Reid promises action on filibuster this week
Senate Majority Leader Harry Reid, D-Nev., speaks with reporters following a Democratic strategy session at the Capitol in Washington, Tuesday, Jan. 22, 2013. / AP Photo/J. Scott Applewhite
Senate Majority Leader Harry Reid, D-Nev., said today he's had "some positive meetings" with Senate Minority Leader Mitch McConnell, R-Ky., about reforming the filibuster. However, if Democrats and Republicans can't come to an agreement over the issue within the next day or two, Reid said Democrats would move forward on their own.
"I hope within the next 24 to 36 hours, we can get something we agree on," Reid told reporters today. "If not, we're going to move forward on what I think needs to be done. The [Senate Democratic] caucus will support me on that."
Reid has a unique opportunity right now to change the filibuster rules, since legal scholars on both sides of the aisle have agreed that the Senate can change its rules with a simple, 51-vote majority at the start of a new Congress. The first day of the 113th congressional session started on Jan. 3, but Reid technically kept the "first day" going by never adjourning (while the Senate never adjourned after the first day, they have "recessed.")
Currently, any individual member of the Senate can "filibuster" a bill -- and thereby block debate on it -- by simply putting a hold on the bill and then proceeding on to other business. Since 1975, Senate rules have said it takes 60 lawmakers to overrule a filibuster.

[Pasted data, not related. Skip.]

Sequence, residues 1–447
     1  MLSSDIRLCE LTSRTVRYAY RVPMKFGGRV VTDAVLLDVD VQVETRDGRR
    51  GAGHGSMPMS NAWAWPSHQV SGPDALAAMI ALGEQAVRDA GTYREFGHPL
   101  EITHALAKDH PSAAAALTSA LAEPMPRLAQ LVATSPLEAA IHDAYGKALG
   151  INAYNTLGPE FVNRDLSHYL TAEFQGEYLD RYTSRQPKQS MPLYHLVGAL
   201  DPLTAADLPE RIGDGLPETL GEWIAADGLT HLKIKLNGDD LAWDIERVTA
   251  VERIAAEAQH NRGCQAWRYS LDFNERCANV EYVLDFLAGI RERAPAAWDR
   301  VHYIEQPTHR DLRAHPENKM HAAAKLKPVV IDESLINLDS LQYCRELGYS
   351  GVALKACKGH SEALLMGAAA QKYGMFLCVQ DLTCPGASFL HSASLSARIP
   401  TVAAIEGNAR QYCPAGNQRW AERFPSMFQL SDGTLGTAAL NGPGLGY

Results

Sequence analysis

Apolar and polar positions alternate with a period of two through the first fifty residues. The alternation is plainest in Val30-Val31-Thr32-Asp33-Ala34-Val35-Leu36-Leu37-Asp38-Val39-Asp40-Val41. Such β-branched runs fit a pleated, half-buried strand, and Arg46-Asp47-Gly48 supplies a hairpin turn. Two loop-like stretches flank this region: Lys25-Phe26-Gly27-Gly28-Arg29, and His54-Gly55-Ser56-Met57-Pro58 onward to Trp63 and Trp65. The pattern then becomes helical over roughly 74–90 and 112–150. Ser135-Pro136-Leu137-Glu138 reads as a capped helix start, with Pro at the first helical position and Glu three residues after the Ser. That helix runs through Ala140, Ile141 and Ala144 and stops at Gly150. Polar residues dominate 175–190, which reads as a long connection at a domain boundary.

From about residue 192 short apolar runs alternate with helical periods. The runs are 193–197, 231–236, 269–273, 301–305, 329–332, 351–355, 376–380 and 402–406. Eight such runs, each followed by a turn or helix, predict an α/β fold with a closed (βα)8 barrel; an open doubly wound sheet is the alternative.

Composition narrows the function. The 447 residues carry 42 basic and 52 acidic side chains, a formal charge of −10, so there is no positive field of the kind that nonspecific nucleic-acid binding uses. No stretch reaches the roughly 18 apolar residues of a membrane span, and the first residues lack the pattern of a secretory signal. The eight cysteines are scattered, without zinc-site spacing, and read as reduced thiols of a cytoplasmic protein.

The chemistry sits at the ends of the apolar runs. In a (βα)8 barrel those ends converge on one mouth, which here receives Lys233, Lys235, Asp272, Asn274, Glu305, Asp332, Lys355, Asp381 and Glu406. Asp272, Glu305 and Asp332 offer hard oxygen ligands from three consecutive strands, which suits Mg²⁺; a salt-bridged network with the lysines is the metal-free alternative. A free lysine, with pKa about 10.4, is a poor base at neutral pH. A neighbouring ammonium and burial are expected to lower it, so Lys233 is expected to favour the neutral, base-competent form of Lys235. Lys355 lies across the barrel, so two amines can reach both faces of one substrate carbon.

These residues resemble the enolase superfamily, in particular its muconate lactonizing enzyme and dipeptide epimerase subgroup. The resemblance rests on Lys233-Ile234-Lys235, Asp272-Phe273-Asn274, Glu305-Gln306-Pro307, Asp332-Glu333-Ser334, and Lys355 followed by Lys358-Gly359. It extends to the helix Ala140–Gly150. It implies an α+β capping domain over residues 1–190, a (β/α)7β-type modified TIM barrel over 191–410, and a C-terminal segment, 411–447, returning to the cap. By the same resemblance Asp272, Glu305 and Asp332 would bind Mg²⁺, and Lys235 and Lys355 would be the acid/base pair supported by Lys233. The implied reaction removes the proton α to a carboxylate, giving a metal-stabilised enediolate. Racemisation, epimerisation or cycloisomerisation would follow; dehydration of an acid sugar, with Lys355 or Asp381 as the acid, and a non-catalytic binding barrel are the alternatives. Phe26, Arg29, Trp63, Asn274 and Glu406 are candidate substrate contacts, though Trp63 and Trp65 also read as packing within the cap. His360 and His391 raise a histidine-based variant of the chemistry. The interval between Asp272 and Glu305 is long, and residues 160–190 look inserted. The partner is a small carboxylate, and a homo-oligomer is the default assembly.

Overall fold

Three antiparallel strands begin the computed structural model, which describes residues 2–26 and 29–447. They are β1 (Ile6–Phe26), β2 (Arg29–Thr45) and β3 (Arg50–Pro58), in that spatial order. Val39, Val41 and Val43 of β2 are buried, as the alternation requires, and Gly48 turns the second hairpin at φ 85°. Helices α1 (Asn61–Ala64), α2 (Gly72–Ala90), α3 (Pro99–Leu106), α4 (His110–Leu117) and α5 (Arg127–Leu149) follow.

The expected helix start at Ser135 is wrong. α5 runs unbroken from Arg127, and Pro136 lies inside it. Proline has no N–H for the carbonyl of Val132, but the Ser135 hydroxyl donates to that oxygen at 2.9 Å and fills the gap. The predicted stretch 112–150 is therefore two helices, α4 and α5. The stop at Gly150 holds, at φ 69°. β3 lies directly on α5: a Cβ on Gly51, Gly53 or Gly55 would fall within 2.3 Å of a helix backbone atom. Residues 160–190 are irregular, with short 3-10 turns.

Some Democrats want to change the rules so that if a member wants to block debate on a bill, he must keep talking on the Senate floor (in the way filibustering was famously portrayed in the 1939 film, "Mr. Smith Goes to Washington"). Some senators have floated more moderate proposals, including one that would require at least 41 votes to keep a filibuster alive.
Earlier today on the Senate floor, Reid said the Senate would first consider legislation for Superstorm Sandy relief and then consider changes to the Senate rules.
"We will explicitly not acquiesce in the carrying over of all the rules from the last Congress," he said. "I am hopeful the Republican leader and I will reach an agreement that allows the Senate to operate more effectively."
Popular in Politics
- Obama prom pictures surface 103 Comments
- IRS official Lois Lerner placed on leave
- Rep. Jo Bonner to resign from House for university job
- Protester heckles Obama during counterterrorism speech Play Video
- Obama: America at a "crossroads" in fighting terrorism 106 Comments
- Obama announces steps toward Guantanamo closure
- Obama: The war on terror, "like all wars, must end" Play Video
- Obama to tour Jersey Shore with Gov. Christie